Series 2: "The Djinn" Part 3 Written in blood

I cried out and ran towards the door and on the door there were words in a red liquid (blood?) They said...

Rabia Ahmed November 12, 2014
One day, I showed a letter to Hercules which my grandmother found in a drawer of this house.  It was dated June 1942.
“Dearest Lily,

It’s been a while since I wrote. The cook was away and we were at the club every day because nothing can persuade me to cook in this heat. All stoves are wretched of course, but these ones much more so. My respect for Indian haunches increases whenever I see our cook, all 200 pounds of him squatting at that blazing furnace for hours doing whatever it is one does with kedgerees and curries. And then if you please, he rises as easily as though off a sofa. I believe it’s those native toilets that people use here. You won’t believe it but one of the people Donald met actually takes a hookah (that’s one of those bubbling cigarette things on a stand with a long pipe I took for Mum when we were home last) and a newspaper with him, much as you or I would take a book. Quite a balancing act.

Speaking of balance, I’m wondering if I’m losing mine, mentally speaking, but you mustn’t tell Mum about this. I’m telling you because I have to talk to someone or I’ll go insane, if I’m not already.

You know those trees around our house? Donald and I would have turned up our toes a long time ago in this bloody heat if it weren’t for them. They believe here that spirits or djinns live on trees and I remember Gran saying the same thing, and honestly, I wonder if both of them may have a point. Because you know, every time I’m downstairs and Donald doesn’t have the blasted wireless on, I can hear bangs and creaks from above, as if those spirits had come down off the trees for a bit of a knees up upstairs.

The only wood in houses here are the doors, and the odd bit of panelling which our lot has made fashionable. So there is nothing to creak and no one besides us to bang around, so I have no idea what’s happening. I mentioned it to Donald but he put it down to the usual woman’s stuff. Someone should really get Winnie Churchill to pass a law against such statements.

Yesterday, I had to go up and make sure the guest room was clean for June and William; they’re over for the weekend. Usually I never go upstairs unless I have the houseboy with me, I’m too scared; but both he and the cook were away and the aaya is down with the collywobbles (they conspire against you, truly) so I had to go up by myself. And, my dear, I found my entire stock of linen, even those broderie anglaise covers that Mum gave us on the floor, as if someone had been throwing them around! I stormed into the study to check that room as well, and as soon as I opened the door, I realised that something was amiss there too.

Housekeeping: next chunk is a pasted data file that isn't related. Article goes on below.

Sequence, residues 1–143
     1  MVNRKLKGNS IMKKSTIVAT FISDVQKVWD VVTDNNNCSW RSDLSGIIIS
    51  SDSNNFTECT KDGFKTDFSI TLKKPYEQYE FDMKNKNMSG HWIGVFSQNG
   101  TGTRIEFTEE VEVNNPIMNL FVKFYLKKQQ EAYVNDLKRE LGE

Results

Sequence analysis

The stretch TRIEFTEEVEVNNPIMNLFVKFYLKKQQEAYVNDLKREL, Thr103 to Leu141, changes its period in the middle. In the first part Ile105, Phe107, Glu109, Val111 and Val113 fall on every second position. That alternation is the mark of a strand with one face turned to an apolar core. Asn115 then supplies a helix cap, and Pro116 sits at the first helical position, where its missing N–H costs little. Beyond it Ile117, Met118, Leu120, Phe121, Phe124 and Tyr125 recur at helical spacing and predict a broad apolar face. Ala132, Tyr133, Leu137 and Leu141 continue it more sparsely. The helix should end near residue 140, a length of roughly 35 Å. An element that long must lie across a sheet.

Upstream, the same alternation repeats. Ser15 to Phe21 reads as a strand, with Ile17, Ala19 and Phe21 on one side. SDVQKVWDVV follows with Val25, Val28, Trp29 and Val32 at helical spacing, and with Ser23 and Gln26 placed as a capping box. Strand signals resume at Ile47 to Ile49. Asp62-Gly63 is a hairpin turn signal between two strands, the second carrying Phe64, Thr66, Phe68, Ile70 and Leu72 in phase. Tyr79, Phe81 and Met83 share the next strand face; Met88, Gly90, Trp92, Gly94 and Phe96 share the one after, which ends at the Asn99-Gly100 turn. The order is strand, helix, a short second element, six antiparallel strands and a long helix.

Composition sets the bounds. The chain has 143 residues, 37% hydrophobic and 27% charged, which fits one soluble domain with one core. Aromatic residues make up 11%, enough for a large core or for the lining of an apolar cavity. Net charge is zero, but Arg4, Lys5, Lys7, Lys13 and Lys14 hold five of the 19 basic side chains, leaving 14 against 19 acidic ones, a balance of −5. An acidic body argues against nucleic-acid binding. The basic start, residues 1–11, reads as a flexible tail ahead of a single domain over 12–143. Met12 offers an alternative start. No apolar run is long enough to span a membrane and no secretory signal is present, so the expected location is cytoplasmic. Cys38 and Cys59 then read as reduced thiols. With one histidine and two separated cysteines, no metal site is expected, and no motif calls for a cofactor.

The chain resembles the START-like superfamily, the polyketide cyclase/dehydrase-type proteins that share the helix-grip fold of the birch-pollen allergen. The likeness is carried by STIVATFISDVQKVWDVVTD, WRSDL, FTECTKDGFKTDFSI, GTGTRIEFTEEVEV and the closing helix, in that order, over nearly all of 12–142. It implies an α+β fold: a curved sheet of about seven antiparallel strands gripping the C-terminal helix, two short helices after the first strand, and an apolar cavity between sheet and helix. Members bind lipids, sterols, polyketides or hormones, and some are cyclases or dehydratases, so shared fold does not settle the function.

Lily, it is so hot these days. I spend the whole day in those sun dresses you and I bought together in Chelsea. We’d be in Simla now if it weren’t for that absurd man who wears a towel; our boys suspect he has some kind of mass protest or something up his sleeve and they had to stay back to defuse it but perhaps I should not have mentioned this. Anyway, I didn’t want to leave without Donald, so we’re both stuck in Lahore, and it makes no kind of sense that when I went into the study it felt so cold in there, like the middle of December. I shivered and went to draw the curtains aside, to let in some sun, but they drew back across the window again, by themselves! And Lily, as I was coming back across the room, I saw a man on the floor who wasn’t there before... you either believe me or you don’t... he was the skinniest, most emaciated man you ever saw, as though he had not eaten for a month. His ribs stuck out and every bone was visible. He was dying. I cried out and ran towards the door and on the door there were words in a red liquid (blood?) They said,

‘Famine comes. Quit India.’

I screamed and ran down for Donald and made him follow me upstairs. He went into the study ahead of me, turned around and said, ‘What?’ I went in then, but there was nothing there, no man, no words, no cold. And then of course, he started going on about woman’s stuff again. I made him shut up and listen, but he still talked over me. It was only when I told him about the words ‘Quit India’ that he quietened down, very suddenly, as though they meant something to him.

Donald told me to go over to the Maynard’s while he went to the office for a bit. That was yesterday and he’s still there. I came home this morning because today they all came back, the cook, the houseboy and the aaya. But I think I might ask Donald to think about selling and moving back to England. I’ve had enough of this country. Maybe we’ll be together for Christmas, what do you think? I’m dying to have crumpets again.

Your sister,


I looked at Hercules. He hadn’t said a word.
“Was that you on the floor?” I asked him. “And did you write those words?”

He looked at me, his gaze steady without a trace of the mockery it normally held.
“If your countrymen were starving, enslaved and oppressed would you be that man? And would you write such words?”

I lowered my eyes. My countrymen. There was no famine, but close... and were they any less enslaved and oppressed?
“I would,” I said.

“Well then,” said Hercules. “Go write.”

Part IV of the “Djinn” series will be published on Wednesday, November 19, 2014. Stay tuned to see how the story unfolds.
Rabia Ahmed The author is a freelance writer and translator.
The views expressed by the writer and the reader comments do not necassarily reflect the views and policies of the Express Tribune.

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